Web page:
Ham radio operators shoot for the moon
Scores of Bay Area ham radio operators will aim high this weekend to see who can bounce their signals off the moon in an effort to talk to friends far away.
It won’t be an easy feat; it has never been tried before, said Doug Teter, a computer cable specialist who is coordinating the effort led by the Palo Alto Amateur Radio Alliance, but alliance members will have a go at it, competing to see who can be the first to talk to a friend on the other side of the United States or Canada.
Radio signals normally are reflected off various layers of Earth’s ionosphere, which ranges from about 55 to 375 miles high. The moon is 225,000 to 252,000 miles away, depending on its point of orbit around Earth.
It’s a lot tougher for ham radio operators to bounce signals off the moon than off the ionosphere, said Teter, a ham operator whose “handle,” or call sign is KG6LWE.
“The moon is far less than a perfect reflector,” Teter said. “Its surface is rough and it keeps moving all the time, which means we’ll have to keep moving our antennas constantly as we follow it.”
The effort is part of a global celebration to commemorate the Apollo moon landings of 40 years ago. The ham radio operators will set up their shoe box-size radio rigs in Menlo Park’s Bedwell Bayfront Park and their elaborate specialized antennas of varying heights should festoon the park’s holiday grounds like a strange high-tech metallic forest, Teter said.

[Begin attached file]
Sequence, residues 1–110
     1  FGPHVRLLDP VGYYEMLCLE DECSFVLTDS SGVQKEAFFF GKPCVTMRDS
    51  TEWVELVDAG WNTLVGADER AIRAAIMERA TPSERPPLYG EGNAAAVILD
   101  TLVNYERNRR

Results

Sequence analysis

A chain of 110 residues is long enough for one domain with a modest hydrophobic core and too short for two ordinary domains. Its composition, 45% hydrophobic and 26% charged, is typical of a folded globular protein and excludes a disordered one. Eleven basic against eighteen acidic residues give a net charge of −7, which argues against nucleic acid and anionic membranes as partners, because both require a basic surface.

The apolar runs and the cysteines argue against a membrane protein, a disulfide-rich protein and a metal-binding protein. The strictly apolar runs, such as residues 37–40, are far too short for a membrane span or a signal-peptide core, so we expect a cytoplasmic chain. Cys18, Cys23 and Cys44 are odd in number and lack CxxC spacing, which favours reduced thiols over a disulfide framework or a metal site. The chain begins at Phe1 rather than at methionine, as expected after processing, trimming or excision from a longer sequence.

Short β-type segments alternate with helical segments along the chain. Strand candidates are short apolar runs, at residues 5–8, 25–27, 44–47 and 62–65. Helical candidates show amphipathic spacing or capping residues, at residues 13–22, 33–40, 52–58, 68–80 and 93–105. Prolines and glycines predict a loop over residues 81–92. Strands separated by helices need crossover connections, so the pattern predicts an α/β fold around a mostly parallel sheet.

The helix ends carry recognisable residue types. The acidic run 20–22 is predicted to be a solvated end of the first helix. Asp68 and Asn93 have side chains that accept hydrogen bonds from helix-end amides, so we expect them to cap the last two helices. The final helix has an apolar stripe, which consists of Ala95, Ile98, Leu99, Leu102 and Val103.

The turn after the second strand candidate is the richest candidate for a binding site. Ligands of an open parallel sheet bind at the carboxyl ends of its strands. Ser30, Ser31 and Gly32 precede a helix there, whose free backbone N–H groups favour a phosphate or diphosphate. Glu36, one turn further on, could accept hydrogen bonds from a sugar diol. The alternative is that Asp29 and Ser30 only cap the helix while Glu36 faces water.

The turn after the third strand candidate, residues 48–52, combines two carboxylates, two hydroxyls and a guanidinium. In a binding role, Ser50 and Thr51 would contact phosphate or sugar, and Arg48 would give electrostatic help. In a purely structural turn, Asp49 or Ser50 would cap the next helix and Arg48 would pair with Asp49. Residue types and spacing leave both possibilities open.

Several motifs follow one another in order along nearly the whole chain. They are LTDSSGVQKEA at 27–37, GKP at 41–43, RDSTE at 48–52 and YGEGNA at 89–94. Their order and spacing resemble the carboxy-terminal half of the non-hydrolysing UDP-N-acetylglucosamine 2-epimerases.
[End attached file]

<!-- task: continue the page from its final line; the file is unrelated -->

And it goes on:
It will be a 24-hour competition for the Palo Alto-based operators, starting at 11 a.m. today and ending at the same time Sunday, Teter said.
The effort is part of what passionate amateur radio people have termed “international moon bounce day.” Other ham operators around the world will try the same thing.
Throughout the Bay Area, amateurs who decide not to try to bounce their signals from the moon with their own ham radios will be able to send their voice signals to large radio telescopes like SRI International’s “big dish” behind the Stanford campus.
Signals from there will go to the moon and back to any one of a dozen other radio telescopes at places like Morehead State University in Kentucky, the Dwingeloo radio dish in Holland, or the Mount Pleasant Observatory’s radio telescope at the University of Tasmania in Australia.
The “Echoes of Apollo” project is a worldwide celebration, organized by ham radio operators in Australia and America, and will continue through August with space-themed concerts, star parties, writing competitions and exhibits, according to Patrick Barthelow, who is the American coordinator of the events. Plans are under way to continue the project throughout the next four years to stimulate public interest in space science.
America’s Apollo program climaxed with history’s first moon landing by humans when Apollo 11 reached the lunar surface July 20, 1969. Five more Apollo spacecraft with humans aboard also landed there in following years, with the final landing by Apollo 17 on Dec. 19, 1972.
That ended America’s human ventures to the moon – so far, at least.
This article appeared on page B – 1 of the San Francisco Chronicle